All done and bound! Like a lot of us, I’ve been wanting a 60-degree triangle quilt for ages. Seems like a lot of us had the same yen around the same time, because I have seen a zillion quilts popping up all over the interwebs. But I love mine BEST. Yes, I do.
I started with a fabric bundle from Pink Castle Fabrics–the typewriters, the Architextures, and the persimmon Sketch are all from there. Then I mixed in some Robert Kaufman chambray in black, which was soft and grounding for the other prints. Finally, on a whim, I tossed in just a spare handful of pieces of Kona cotton in butter. And it was magic.
This is a standard 60-degree triangle quilt, which means that each piece is cut using a clear acrylic ruler. I cut 6″ strips from each fabric, then aligned the 60-degree line in my ruler with the cut edge, and cut a series of triangles from each strip:
It was way more therapeutic and relaxing than you might think, just cutting triangles over and over and over. Something about whipping that ruler around to alternate the angle from one cut to the next, it really made me feel like I was accomplishing something–but my brain could be pretty quiet. I was a very nice morning, let’s put it that way.
Naturally, it took waaaaay more triangles than I expected. I thought I was finished cutting, but I totally wasn’t. My sweet quilting bee ladies (hello, Bee Babes!!) came over to help me assemble the rows, and I had to stop halfway through and cut more triangles. But that’s the price we pay for wanting more than a lap quilt, am I right? Or am I right?
I’m crazy grateful for my Bee, too, for helping me put all these into rows. We started with 16 triangles per row, and built from there. I think in the end we did 14 rows–I’m not sure how many triangles that makes, but I bet you can do the math. Having said that, it was faster than you might think. And funner.
The key to sewing triangles together is getting the seams right. It can be tricky in a quilt like this, since you end up with little “ears” at the end of each seam, but I like the challenge. It keeps me focused, and then every seam is a chance to see if I can improve on the seam I just finished.
The trick is lining your edges up properly. Luckily for me, equilateral triangle pieces don’t require an offset–which is to say, I don’t have to account for the seam allowance when sewing my triangles together. I can just line the points right up and call it a day. When I sew the first two triangles together, I press the seam allowances to one side. From there, I can start matching pairs of triangles to one another, making sets of four. The points on one end will meet the un-sewn points on the matching triangle. On the other end, the pressed seam allowances will match the other point–most of the time. Sometimes, because of how the seam allowances are pressed, you’ll have to “draw them in” a bit–they won’t match, but you can use your eyes and instincts to visualize where they would be, and match the edges of your triangles that way. It’s like a fun game!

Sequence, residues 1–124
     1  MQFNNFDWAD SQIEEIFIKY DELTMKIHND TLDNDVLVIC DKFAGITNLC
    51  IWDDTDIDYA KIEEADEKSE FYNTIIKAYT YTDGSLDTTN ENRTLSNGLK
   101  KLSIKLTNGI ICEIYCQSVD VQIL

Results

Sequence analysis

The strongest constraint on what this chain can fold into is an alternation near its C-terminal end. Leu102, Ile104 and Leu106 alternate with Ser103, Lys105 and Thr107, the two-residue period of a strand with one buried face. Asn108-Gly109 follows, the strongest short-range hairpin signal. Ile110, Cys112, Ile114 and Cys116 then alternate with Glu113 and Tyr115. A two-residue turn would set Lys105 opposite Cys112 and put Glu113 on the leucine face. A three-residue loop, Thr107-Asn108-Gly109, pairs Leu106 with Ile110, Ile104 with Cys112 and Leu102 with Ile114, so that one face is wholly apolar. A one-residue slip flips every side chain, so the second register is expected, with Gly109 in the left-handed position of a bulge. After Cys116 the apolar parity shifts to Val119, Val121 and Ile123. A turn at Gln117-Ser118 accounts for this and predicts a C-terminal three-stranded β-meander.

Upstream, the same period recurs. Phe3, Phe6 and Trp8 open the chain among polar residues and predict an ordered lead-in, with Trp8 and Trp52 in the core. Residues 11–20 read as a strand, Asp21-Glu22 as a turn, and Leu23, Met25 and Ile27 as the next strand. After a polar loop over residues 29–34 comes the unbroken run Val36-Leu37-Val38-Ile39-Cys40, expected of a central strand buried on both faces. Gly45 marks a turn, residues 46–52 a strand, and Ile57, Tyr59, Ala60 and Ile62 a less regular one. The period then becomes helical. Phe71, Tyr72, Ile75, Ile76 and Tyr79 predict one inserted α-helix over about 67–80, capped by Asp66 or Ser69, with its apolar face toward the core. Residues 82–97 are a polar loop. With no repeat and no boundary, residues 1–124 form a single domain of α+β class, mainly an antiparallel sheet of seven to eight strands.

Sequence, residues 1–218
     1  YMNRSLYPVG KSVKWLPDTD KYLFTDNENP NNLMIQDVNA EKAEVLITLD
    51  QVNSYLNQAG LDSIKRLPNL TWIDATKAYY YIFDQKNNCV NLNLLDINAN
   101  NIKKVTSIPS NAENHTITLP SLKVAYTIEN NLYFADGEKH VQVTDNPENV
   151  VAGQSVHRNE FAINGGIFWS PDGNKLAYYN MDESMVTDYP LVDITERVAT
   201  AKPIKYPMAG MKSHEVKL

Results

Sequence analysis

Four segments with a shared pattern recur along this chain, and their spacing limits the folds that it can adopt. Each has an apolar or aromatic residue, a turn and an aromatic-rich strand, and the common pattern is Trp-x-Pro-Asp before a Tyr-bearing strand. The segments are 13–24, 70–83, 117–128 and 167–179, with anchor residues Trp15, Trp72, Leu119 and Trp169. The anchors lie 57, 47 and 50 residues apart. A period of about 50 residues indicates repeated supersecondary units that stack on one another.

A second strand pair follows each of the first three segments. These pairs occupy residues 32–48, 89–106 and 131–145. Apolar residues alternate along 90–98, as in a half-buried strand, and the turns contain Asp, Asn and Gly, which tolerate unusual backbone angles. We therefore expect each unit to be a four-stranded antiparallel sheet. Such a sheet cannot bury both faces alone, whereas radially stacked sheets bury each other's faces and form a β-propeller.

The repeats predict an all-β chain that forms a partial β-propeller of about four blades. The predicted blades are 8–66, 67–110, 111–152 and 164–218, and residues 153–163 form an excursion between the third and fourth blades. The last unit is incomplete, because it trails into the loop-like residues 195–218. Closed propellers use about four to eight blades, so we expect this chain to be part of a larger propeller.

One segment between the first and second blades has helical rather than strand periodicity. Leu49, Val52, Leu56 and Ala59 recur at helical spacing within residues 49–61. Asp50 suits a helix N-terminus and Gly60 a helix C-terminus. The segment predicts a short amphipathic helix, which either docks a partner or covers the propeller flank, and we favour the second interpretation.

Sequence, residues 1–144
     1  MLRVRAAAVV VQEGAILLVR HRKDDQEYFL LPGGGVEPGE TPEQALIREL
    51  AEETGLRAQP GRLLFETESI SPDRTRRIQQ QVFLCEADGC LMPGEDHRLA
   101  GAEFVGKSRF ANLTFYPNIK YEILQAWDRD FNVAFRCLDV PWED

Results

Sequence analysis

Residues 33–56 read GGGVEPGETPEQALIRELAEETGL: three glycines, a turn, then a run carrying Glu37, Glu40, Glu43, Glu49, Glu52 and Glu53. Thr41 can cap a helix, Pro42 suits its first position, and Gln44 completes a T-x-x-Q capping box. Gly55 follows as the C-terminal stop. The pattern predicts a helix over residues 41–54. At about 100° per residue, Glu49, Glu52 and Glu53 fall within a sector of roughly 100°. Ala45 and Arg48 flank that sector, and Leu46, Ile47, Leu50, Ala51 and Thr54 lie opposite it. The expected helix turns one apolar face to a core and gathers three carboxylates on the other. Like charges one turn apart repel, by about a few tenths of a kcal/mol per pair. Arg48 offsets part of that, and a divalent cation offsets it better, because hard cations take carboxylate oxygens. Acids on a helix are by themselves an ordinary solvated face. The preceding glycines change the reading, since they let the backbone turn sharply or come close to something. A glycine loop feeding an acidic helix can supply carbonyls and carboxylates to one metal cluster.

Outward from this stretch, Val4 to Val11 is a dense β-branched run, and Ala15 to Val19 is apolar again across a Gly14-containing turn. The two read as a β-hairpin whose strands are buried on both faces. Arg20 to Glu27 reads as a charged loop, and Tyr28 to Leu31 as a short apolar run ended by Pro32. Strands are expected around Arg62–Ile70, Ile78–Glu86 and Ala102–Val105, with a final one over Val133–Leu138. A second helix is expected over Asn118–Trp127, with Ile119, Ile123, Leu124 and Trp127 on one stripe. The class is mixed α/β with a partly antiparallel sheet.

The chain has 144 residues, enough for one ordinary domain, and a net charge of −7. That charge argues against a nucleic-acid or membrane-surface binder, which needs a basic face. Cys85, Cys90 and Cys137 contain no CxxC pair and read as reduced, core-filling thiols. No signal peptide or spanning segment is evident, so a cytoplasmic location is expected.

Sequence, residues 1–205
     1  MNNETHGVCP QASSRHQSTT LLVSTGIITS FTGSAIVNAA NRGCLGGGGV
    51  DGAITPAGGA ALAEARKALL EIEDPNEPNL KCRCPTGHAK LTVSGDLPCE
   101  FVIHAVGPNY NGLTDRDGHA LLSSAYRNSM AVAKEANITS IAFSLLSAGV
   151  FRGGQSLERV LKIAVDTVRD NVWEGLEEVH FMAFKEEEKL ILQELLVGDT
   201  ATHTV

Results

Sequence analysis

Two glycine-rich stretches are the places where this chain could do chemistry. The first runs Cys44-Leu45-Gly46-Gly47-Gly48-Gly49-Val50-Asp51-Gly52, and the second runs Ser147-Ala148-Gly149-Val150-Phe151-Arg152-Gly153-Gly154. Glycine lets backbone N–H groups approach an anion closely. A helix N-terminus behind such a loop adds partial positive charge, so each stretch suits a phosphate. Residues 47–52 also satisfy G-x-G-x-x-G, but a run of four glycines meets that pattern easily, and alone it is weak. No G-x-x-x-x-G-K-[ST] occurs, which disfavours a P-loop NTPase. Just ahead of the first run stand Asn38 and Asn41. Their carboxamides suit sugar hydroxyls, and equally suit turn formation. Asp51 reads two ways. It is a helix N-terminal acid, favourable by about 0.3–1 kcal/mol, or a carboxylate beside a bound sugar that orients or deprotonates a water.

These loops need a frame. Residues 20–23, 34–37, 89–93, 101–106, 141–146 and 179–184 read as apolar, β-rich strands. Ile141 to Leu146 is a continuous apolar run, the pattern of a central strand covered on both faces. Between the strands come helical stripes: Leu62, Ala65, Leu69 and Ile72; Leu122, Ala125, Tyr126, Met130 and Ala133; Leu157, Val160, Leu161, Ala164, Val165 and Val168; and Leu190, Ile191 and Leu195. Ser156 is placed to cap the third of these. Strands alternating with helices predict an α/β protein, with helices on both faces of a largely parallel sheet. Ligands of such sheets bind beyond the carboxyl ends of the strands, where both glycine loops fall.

The better the seams are, the more nicely the points on all the triangles match when the quilt is finished. Which is vastly more satisfying than you might think–for reals, I felt like I was on top of the world with some of these finished seams. Good times, y’all.
I had a nice little assembly line going: our bee put together 10 rows while we were all together, so I cranked out another four. It was a nice night of Netflixing and chain piecing.
The colors are totally great, and match pretty much everything I own. Yellow? Check. Grayish-black? Check. Turquoise? Yep. Persimmon? My signature accent color. Plus: typewriters and text? Done and done.
For the backing, I dug around in my stash and landed on this amazing Violet Craft print, which (seriously, I didn’t plan this) just happened to have EVERY one of these colors in it, with a sweet little birdie design to boot. I threw in some Denyse Schmidt, a scrap of yellow left over from the All-Yellow Quilt, and a new piece of turquoise from Robert Kaufman. I used the same turquoise for the binding. The design of the backing was pretty ad hoc, improvisational–I think that little segment on the upper right looks a little like the flag of Sweden, but I might be reading something into it.
See? Flag of Sweden.
I quilted on both sides of every seam, which means six lines of quilting meeting at the intersection of each triangle. I love how clean it looks at the edges of the triangles, but how complicated it gets when it forms these little Stars of David at the intersections. Simple quilting with powerful results.
I’m thinking it will be happy this summer, out on the back patio alongside the All-Yellow Quilt. Those summer evenings aren’t always cool, but there seems to always be a need for an extra picnic blanket or fort blanket or squashy quilt to wrap around your shoulders when it suddenly starts to rain. Delicious.
While I was sewing this, I thought I could make a zillion of these. I wonder if that’s because it’s such a great design, one that would showcase nearly any set of fabrics and look great in any color, with any style. Now that it’s finished, though, I feel pretty good leaving this behind. I loooove the result, and I won’t be giving this quilt away, but I don’t feel especially burdened to make another one.
Of course: gift. That’s a pretty good idea. As one of the faster quilts I’ve made, a triangle quilt could make a good candidate for a quilt at the holidays or even for a preschool teacher–our son leaves to go to Kindergarten next year, and I think this year’s teachers could use something extra special when spring comes around.
Hmmm…. Something to think about while I’m reading library novels under my triangle quilt this summer, as the fireflies come out and I enjoy a balmy breeze. Ah, summer. Hurry up, already.